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Monty Python and the Holy Grail Reviews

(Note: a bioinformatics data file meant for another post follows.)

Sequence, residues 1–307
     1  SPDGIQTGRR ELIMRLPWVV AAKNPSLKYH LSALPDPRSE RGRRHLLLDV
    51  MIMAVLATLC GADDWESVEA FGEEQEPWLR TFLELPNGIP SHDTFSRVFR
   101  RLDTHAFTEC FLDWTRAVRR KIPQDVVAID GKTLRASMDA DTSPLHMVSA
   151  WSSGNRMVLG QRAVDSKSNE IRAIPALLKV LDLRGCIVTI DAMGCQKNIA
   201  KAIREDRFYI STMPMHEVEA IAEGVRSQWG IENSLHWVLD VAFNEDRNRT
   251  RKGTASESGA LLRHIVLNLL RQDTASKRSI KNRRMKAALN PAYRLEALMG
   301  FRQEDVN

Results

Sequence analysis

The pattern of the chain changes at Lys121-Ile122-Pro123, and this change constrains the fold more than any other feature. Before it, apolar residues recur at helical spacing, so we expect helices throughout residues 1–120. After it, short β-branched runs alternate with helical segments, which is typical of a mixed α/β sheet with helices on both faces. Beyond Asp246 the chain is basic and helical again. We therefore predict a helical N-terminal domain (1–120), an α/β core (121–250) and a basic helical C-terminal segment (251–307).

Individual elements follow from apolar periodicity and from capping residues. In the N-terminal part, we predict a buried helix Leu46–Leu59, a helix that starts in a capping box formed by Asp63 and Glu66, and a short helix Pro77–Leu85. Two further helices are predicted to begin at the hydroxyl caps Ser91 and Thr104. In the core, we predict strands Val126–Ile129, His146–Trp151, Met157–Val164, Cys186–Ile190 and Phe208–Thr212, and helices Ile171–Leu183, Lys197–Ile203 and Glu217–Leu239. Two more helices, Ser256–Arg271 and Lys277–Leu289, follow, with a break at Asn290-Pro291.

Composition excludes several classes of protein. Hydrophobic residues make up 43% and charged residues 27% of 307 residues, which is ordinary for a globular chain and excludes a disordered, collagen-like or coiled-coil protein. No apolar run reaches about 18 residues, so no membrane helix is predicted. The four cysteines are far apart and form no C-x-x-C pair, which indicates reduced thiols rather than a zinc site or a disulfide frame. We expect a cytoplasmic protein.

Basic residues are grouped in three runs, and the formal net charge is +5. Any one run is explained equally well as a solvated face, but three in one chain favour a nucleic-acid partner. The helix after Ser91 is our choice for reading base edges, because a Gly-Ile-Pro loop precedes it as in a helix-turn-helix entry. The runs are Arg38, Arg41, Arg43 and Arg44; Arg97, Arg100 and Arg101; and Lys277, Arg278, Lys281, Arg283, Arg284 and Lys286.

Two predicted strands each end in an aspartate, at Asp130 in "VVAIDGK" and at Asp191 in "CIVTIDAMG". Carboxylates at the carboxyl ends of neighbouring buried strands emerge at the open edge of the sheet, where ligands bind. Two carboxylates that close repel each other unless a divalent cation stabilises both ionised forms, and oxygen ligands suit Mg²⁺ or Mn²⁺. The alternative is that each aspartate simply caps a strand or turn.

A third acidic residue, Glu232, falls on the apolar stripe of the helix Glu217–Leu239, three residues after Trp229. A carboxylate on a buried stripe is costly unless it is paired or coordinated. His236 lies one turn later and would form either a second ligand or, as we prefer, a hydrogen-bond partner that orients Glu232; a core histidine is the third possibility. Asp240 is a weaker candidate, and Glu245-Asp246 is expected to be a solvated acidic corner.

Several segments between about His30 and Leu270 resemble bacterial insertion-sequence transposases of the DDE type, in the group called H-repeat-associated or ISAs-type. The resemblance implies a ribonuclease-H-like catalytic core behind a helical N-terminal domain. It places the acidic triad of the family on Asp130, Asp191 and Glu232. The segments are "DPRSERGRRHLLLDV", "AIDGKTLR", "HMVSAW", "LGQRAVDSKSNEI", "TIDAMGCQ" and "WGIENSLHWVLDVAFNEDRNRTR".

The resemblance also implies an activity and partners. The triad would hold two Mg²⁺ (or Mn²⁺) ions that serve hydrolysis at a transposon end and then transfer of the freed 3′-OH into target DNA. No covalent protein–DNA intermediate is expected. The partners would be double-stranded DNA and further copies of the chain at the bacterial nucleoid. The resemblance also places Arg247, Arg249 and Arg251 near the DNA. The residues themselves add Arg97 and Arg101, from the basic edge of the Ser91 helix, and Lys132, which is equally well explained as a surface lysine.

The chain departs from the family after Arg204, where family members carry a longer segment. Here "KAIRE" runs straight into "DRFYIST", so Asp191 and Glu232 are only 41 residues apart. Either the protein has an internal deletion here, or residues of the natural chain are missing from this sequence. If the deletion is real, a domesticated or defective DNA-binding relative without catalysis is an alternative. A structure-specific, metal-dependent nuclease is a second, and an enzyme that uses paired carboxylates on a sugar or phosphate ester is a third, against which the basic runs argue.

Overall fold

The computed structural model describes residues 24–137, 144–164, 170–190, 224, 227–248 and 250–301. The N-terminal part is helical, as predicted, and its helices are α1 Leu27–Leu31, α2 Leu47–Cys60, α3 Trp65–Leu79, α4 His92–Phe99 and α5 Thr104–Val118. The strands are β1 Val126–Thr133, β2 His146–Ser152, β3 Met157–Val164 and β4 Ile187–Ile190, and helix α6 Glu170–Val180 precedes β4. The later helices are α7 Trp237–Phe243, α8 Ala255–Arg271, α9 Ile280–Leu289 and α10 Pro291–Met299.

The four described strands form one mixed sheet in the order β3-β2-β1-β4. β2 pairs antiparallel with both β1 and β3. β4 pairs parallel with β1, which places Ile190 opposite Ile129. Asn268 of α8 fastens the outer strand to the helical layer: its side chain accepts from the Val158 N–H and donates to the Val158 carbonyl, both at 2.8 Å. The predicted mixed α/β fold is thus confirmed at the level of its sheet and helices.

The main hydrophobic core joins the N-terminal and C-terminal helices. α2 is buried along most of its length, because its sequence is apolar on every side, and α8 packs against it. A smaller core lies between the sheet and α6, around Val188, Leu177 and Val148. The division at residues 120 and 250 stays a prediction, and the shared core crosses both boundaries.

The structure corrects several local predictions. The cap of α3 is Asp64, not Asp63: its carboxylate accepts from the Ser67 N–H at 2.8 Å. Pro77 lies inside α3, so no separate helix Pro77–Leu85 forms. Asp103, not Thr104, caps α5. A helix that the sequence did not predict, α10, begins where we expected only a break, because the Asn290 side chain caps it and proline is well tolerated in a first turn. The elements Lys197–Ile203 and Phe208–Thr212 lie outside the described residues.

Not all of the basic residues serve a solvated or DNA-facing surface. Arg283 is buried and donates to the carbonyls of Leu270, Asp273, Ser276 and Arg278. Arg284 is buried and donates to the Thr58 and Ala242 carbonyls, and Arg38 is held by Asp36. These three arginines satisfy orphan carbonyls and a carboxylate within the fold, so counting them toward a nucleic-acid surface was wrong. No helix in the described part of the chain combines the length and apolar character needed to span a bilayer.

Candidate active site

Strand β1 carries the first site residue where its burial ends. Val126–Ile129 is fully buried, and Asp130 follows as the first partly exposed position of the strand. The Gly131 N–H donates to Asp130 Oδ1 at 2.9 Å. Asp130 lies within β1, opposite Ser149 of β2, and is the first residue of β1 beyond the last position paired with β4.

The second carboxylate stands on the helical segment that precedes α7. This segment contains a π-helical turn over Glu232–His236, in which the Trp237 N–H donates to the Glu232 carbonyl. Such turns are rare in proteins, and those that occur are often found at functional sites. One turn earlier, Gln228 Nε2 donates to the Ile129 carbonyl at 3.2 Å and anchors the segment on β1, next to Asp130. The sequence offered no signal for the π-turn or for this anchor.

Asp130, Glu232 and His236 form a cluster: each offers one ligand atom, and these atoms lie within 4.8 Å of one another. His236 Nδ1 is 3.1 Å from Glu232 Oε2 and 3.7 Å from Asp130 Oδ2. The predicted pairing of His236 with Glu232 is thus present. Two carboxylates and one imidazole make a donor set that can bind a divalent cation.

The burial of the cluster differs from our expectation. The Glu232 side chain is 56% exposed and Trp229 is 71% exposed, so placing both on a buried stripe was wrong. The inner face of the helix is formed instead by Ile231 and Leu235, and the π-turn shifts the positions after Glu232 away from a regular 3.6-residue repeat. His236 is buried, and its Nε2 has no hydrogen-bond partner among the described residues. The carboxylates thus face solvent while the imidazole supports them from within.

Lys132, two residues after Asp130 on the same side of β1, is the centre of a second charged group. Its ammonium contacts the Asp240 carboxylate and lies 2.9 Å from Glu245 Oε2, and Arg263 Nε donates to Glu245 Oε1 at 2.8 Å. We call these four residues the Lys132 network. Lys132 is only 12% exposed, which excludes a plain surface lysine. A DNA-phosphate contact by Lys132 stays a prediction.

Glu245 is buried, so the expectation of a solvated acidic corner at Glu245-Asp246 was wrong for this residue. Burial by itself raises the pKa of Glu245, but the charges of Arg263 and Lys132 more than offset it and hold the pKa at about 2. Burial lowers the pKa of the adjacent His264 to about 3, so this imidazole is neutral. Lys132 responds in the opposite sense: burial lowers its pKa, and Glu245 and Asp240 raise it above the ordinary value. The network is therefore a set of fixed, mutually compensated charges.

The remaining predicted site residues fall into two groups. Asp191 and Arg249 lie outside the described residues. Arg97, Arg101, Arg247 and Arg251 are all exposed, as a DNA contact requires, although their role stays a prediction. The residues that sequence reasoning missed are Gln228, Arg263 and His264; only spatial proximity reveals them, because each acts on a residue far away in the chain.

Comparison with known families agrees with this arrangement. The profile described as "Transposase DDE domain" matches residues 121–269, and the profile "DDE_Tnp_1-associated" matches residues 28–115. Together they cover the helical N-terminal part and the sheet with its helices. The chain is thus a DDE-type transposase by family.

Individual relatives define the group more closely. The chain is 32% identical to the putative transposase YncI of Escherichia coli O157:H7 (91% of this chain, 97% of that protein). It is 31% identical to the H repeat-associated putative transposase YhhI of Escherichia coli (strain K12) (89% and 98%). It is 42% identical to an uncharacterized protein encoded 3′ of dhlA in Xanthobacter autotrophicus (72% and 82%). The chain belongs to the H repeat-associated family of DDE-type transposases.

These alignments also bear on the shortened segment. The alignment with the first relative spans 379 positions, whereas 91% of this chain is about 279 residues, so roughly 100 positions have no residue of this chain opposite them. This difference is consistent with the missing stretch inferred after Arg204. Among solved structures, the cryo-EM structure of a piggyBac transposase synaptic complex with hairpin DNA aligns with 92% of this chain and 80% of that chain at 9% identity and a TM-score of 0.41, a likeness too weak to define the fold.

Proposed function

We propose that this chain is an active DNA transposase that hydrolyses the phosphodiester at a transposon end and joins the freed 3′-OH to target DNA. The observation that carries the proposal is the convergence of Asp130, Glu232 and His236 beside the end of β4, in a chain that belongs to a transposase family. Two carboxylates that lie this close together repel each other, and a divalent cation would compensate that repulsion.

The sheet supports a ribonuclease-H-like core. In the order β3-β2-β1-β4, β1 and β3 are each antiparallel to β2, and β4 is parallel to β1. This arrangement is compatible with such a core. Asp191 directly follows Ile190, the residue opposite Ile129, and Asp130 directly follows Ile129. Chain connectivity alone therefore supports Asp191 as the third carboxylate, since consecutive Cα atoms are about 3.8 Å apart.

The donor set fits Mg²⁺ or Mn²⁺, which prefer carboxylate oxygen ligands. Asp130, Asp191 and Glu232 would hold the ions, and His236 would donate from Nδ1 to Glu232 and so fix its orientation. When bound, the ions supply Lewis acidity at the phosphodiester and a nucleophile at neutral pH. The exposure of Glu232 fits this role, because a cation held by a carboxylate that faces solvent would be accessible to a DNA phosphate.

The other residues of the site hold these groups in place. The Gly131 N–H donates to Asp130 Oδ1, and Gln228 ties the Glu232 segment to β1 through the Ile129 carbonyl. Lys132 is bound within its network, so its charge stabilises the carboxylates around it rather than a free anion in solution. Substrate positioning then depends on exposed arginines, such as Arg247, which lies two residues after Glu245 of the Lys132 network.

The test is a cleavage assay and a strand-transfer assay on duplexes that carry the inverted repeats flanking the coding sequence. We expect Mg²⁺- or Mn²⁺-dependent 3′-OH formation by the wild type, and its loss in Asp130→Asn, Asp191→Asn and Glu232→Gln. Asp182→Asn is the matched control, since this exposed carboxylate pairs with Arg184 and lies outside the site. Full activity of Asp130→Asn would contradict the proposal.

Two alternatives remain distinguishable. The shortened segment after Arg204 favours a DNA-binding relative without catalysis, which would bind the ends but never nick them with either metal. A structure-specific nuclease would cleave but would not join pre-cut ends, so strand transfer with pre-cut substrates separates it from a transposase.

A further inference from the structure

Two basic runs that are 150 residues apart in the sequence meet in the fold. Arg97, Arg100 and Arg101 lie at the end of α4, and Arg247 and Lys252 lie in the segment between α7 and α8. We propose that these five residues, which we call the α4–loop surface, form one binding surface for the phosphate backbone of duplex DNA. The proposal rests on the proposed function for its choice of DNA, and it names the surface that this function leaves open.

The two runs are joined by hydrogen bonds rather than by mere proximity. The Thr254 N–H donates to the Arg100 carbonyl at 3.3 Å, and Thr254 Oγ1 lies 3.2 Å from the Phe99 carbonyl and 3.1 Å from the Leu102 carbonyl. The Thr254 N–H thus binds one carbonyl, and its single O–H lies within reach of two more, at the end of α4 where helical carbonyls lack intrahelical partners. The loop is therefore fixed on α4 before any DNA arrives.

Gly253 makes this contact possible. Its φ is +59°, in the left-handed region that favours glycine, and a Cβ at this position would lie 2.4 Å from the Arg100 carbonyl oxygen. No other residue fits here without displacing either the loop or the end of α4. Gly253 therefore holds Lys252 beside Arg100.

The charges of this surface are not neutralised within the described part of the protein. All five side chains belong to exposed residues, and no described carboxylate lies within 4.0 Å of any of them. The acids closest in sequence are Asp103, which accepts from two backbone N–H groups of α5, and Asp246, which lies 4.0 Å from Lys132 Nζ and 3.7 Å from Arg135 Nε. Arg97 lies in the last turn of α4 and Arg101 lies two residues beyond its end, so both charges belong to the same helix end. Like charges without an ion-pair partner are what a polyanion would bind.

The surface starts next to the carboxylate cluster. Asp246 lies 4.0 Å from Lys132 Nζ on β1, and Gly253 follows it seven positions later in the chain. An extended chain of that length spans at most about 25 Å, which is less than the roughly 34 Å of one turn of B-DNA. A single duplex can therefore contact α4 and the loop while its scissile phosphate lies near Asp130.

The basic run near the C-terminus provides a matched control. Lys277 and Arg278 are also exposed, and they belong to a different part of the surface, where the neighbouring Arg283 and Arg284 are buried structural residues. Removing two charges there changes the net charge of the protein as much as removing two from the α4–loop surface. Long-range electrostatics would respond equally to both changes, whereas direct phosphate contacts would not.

A zany, hysterically funny, and sometimes brilliant if sometimes sophomoric send-up of every medieval movie ever made, brought to you by the wacky six-member cast of BBC-television's "Monty Python's Flying Circus." Superior to their first film, AND NOW FOR SOMETHING COMPLETELY DIFFERENT (which was only a series of their televison vignettes released for the theaters), HOLY GRAIL is told in a straight (well all right, fairly straight) narrative structure that follows King Arthur (Chapman) and his knights in their search for the legendary Holy Grail. What transpires in the next 90 minutes is nearly impossible to describe to those unfamiliar with the lunacy of the Python bunch (the six male actors play nearly all the parts, including women's roles), but some of the highlights are well worth mentioning (this film must be seen to be understood). Due to the lack of horses in the kingdom (and a low budget), Chapman and his knights are followed throughout the movie by their servants, who smack two coconuts together to simulate the sound of hoofbeats. One of Chapman's first battles is against the Black Knight (Cleese), who refuses to let the king pass. A reluctant Chapman is then forced to cut the man limb from limb until all that is left of Cleese is a torso that yells at the King to come back and fight like a man. Meanwhile, Sir Lancelot (once again Cleese) rushes into a castle and hacks up several wedding guests in a bloody frenzy in an attempt to rescue an effeminate prince who really doesn't need to be rescued. After Cleese calms down and surveys the carnage, he manages a feeble, "I just get carried away" as an apology. Of course, every fan of this film has his favorite moment (the Trojan Rabbit, the Knights Who Say "Ni", Robin and his Minstrels, the killer rabbit, the Holy Hand Grenade and the crazed bridgekeeper). But, all the insanity finally leads to a climactic battle scene populated with hundreds of costumed extras, which is stopped before it really gets started by a few carloads of policemen who interrupt the shooting and grab the camera. Not only is HOLY GRAIL a strange, occasionally sidesplitting film, but it paints a grubby, muddy, and vile portrait of life in the middle ages. The set design and visual style are detailed and rich, lending such credence to the film that at the end, when modern-day police arrive to break things up, it is a real shock. A must see.